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U.S. Supreme Court hears arguments in local tribal sovereignty case

Polito & Associates associate attorney James Harrington has expressed that he was encouraged by the questions that the Justices were asking during oral arguments at the United States Supreme Court early this year.

The Day quoted Harrington as saying that “the level of questioning, the tone of the questioning seemed favorable to us.”

The issue before the court in Lewis v. Clarke is whether a person who is employed by an Indian tribe can be sued as an individual for negligence that occurred within the scope of his employment when that negligence occurred outside the Indian reservation. The way the case is decided could have implications for Indian tribes around Connecticut and throughout the rest of the country.

The case arose when Brian and Michelle Lewis of Bethlehem, Pennsylvania were rear-ended by a limousine owned and operated by the Mohegan Sun casino. Two other couples in the limousine were injured in the accident, but they have since settled with Mohegan Sun. The Lewises were unable to recover due to the fact that a court of appeals sided with the limousine driver when he made the argument that the tribe’s sovereign immunity should apply to him as an employee.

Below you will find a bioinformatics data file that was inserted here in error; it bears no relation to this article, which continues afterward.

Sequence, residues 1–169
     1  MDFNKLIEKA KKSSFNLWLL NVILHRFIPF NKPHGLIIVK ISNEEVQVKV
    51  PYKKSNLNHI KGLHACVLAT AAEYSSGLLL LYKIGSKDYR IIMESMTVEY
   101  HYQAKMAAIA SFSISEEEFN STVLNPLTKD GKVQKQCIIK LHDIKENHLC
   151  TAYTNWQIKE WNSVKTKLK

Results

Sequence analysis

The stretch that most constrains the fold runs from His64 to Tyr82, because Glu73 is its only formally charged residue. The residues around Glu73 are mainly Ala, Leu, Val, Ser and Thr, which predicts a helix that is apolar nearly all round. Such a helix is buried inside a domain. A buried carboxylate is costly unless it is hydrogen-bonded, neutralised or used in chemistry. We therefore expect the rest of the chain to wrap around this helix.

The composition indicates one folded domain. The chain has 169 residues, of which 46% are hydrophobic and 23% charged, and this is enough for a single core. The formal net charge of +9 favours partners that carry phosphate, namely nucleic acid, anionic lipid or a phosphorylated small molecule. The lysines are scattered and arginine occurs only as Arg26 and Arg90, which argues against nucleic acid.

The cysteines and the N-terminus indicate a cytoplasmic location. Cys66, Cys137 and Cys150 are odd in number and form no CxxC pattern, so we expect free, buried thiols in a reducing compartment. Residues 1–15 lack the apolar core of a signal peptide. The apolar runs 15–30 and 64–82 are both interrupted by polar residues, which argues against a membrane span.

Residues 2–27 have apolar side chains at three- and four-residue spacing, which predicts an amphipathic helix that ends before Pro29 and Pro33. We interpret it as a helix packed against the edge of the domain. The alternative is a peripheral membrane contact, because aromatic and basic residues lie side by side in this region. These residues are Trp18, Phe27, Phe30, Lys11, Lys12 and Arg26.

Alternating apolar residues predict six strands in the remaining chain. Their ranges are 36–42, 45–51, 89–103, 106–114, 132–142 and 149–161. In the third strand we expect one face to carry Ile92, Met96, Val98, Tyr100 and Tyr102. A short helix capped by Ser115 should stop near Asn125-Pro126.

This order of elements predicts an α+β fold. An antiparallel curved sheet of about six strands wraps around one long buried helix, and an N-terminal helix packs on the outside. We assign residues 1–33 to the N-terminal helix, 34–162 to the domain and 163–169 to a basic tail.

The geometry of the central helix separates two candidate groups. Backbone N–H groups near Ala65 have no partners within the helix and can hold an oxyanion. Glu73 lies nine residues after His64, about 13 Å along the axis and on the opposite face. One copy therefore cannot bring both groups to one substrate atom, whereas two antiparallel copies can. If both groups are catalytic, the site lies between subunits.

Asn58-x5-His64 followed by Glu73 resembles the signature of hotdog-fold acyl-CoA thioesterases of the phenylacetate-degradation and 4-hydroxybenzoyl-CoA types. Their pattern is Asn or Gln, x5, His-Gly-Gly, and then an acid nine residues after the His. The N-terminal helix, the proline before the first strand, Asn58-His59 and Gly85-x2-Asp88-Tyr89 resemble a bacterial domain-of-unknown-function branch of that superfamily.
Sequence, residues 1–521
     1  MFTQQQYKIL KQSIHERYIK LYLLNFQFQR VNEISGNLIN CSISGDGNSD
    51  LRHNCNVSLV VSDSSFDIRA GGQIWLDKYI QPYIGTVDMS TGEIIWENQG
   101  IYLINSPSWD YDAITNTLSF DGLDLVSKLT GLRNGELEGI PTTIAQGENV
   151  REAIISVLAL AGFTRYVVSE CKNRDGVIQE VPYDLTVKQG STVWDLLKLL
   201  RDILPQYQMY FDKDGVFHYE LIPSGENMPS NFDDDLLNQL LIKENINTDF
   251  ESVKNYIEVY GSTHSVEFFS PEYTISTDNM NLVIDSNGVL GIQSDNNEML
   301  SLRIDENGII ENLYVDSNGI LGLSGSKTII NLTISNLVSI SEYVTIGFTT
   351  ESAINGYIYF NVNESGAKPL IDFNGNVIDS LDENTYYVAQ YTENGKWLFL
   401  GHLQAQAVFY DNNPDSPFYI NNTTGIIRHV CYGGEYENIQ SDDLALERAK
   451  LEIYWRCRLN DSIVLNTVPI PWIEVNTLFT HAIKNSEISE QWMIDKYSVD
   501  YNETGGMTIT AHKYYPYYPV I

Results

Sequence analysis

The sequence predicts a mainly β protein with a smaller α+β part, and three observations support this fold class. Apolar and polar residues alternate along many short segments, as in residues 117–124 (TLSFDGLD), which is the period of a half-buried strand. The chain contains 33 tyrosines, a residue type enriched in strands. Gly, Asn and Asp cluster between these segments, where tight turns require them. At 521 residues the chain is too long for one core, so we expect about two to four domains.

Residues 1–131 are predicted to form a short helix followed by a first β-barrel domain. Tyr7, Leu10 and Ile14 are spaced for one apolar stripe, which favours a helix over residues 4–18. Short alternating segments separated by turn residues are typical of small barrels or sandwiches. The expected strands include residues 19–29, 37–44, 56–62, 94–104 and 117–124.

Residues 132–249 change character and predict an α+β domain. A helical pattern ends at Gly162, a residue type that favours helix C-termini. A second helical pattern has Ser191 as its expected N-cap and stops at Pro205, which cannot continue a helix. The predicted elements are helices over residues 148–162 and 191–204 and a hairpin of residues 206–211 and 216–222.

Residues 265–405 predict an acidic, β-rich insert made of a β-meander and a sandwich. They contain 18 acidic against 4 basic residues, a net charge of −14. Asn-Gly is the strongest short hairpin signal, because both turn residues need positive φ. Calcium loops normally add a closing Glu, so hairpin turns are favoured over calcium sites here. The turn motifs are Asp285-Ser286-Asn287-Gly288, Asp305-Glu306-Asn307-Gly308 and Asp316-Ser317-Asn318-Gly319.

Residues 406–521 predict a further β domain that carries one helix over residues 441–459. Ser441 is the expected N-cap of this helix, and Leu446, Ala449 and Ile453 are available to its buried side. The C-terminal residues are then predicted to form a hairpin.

Eric Miller, who is an attorney at Perkins Coie’s Seattle office, argued for the plaintiffs before the Supreme Court. He was joined by Ann O’Donnell, assistant to the United States Solicitor General, the attorney who is appointed to represent the government’s interests before the Supreme Court.

On the other side was Neal Katyal of Hogan Lovells, a Washington D.C. firm, who is a former acting Solicitor General.

Miller began his argument by stating that “In an individual-capacity action against a government employee, the plaintiff seeks relief from the employee personally.” He went on to state that The judgment is not enforceable against the government. For that reason, such an action does not implicate sovereign immunity.”

Justice Ginsburg asked Miller what would happen had the driver been an employee of a foreign embassy rather than the employee of an Indian tribe. In response, Miller stated that such a case would not be barred by sovereign immunity as a foreign government could be sued directly.

Katyal responded that the Mohegan Tribe is asking for the same protections from suit that every other sovereign enjoys,” and that “If Clarke were a federal employee, a foreign employee or a Connecticut state one, this suit would be barred. There’s no reason the rule should be different for tribes.”

According to Harrington, the Justices have the option of sending the case back to the Connecticut Supreme Court or even back to the trial court, in which case they would need to start from scratch. Because of this question regarding the application of sovereign immunity, the merits of the claim have not yet been addressed by a court.

Read the full article here.